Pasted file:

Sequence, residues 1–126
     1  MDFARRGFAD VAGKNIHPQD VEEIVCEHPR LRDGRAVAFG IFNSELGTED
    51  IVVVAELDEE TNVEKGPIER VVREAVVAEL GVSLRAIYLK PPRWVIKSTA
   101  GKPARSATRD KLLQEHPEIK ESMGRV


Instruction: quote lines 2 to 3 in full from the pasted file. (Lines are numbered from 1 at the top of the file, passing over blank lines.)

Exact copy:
     1  MDFARRGFAD VAGKNIHPQD VEEIVCEHPR LRDGRAVAFG IFNSELGTED
    51  IVVVAELDEE TNVEKGPIER VVREAVVAEL GVSLRAIYLK PPRWVIKSTA